China’s Finance Minister Lou Jiwei played down yuan declines and the risks from shadow banking as central bank GovernorZhou Xiaochuan signaled that the nation’s economy can sustain growth of between 7 percent and 8 percent.
Expansion prospects are suitable and can boost global economic growth, Zhou said. Possible defaults in some wealth-management products don’t reflect a “big problem” and recent yuan weakness is within a normal range, the finance minister told Bloomberg News.
China is stressing the resilience of its economy even as efforts to rein in leverage and expand the role of markets have prompted analysts to forecast the slowest pace of expansion since 1990. The yuan last week had its biggest weekly slide against the dollar since 2011 and stocks tumbled today on concern banks have tightened property lending.
“There will be ups and downs,” Lou said yesterday of recent declines in the yuan. The currency’s movement is “within normal range” and doesn’t indicate a change in economic fundamentals, he said.
Group-of-20 policy makers meeting in Sydney pledged a coordinated push to add the equivalent of $2 trillion to the global economy through faster growth over the next five years. The G-20 communique singled out Chinaamong emerging nations exhibiting “continued solid growth,” changing the language from a draft seen by Bloomberg News that hadn’t named the world’s second-largest economy.
A gauge of real-estate shares fell the most in eight months today. New-home prices rose from a year earlier in January in 69 out of 70 cities tracked by China’s statistics bureau, a report showed today.
New credit in China rose to a record in January, underscoring the risk of financial turbulence from defaults and bad loans, and the increasing amount of financing required to generate gross domestic product.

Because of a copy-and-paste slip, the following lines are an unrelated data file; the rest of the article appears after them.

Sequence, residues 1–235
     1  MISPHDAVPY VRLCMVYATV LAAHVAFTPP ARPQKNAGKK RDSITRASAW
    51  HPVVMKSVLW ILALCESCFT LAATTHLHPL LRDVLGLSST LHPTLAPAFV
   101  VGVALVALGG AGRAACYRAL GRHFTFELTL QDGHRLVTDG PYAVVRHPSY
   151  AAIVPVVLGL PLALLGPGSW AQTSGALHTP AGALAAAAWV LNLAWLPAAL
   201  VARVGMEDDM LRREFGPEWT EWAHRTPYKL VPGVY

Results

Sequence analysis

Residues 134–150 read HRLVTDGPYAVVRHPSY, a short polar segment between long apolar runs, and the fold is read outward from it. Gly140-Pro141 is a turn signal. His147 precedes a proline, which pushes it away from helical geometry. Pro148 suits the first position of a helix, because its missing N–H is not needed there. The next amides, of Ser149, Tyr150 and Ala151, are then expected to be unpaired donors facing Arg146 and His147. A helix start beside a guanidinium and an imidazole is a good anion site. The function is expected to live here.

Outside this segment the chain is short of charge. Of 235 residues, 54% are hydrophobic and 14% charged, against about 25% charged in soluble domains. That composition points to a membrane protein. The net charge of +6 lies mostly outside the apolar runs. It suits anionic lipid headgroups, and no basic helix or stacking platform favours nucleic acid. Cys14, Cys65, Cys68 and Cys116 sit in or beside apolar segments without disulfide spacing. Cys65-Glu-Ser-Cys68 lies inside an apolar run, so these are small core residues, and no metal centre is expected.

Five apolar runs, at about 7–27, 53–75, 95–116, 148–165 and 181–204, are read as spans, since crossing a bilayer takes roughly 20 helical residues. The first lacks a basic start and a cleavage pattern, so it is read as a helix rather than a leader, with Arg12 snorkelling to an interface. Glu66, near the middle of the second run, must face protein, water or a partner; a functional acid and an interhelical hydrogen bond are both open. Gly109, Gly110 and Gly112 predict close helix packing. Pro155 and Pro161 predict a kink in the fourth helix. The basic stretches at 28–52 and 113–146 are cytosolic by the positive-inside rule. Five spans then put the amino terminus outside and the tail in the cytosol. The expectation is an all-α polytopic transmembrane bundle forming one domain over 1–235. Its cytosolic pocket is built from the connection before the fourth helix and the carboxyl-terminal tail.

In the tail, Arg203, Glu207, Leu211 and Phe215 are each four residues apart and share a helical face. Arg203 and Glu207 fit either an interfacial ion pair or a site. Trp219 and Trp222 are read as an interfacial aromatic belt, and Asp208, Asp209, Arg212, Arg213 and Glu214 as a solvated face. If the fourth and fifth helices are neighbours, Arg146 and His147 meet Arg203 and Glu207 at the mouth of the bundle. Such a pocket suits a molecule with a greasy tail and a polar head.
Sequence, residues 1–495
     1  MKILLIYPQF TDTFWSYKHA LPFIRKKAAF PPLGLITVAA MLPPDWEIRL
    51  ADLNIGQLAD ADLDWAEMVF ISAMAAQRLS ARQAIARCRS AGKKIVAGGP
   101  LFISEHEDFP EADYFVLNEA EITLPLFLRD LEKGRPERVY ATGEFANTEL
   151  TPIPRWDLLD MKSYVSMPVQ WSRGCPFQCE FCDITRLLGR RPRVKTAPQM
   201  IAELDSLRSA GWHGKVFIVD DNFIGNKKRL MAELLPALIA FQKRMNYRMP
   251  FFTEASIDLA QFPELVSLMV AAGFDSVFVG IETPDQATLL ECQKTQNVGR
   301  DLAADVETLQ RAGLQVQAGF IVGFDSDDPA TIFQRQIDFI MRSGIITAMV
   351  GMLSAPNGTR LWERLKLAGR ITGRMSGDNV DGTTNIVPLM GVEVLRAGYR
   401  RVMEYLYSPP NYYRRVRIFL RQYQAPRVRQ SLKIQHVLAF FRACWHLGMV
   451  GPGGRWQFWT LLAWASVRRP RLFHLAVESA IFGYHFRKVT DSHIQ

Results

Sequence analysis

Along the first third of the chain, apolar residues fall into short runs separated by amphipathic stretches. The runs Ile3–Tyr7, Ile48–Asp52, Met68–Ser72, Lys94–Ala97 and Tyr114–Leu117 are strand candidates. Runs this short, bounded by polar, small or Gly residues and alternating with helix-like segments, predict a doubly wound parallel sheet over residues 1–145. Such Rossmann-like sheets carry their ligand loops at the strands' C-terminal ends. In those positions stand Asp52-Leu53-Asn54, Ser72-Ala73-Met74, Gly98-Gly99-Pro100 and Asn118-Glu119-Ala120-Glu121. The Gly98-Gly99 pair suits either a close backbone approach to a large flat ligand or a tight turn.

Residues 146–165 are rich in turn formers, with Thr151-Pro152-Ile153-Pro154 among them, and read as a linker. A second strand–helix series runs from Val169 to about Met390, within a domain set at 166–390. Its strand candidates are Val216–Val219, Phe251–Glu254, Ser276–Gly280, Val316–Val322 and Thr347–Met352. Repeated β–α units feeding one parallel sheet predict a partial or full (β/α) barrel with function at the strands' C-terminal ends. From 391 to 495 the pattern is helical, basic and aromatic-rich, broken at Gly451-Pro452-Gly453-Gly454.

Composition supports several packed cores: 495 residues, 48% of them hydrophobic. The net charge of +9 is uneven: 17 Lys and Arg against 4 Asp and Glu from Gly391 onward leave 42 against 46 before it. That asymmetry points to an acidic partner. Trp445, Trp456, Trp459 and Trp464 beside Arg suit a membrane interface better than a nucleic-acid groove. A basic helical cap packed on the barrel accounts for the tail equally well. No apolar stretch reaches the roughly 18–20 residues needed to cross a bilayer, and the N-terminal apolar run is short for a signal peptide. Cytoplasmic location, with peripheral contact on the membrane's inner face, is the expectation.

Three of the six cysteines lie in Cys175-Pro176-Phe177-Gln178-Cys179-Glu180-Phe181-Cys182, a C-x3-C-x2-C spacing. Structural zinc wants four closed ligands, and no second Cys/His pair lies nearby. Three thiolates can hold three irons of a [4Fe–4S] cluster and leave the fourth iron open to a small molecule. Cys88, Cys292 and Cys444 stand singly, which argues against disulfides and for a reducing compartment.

Shadow banking in China is more closely linked to the real economy than it is in western countries, Lou toldBloomberg News Feb. 22. The scale of the sector is not large in general, but it has grown fast recently and the PBOC is dealing with it cautiously, according to a statement yesterday posted on the central bank’s website.
The offshore yuan fell 1 percent to 6.0933 per dollar last week, a decline unseen since September 2011.
There’s “no big problem” for China to maintain steady and healthy growth, Zhou told Bloomberg News Feb. 21. “Uncertainty is always present and there’s nothing big to worry about.”
Global growth will accelerate to 2.9 percent in 2014, the quickest pace in three years, according to the median of forecasts compiled by Bloomberg. It will be 3.1 percent the following year. China’s GDP will increase 7.5 percent in 2014, slowing from 7.7 percent in 2013, the data show.
China’s economy will this year maintain the same trend of steady growth as it did last year, Lou said Feb. 22. Developed countries are too optimistic about their own growth, he said.
China’s services industry has overtaken manufacturing while its contribution to global growth is about 30 percent, Lou said in a statement posted on the People’s Bank of China website. The Asian nation will try to boost investment and consumption demand by pushing ahead with urbanization, he said.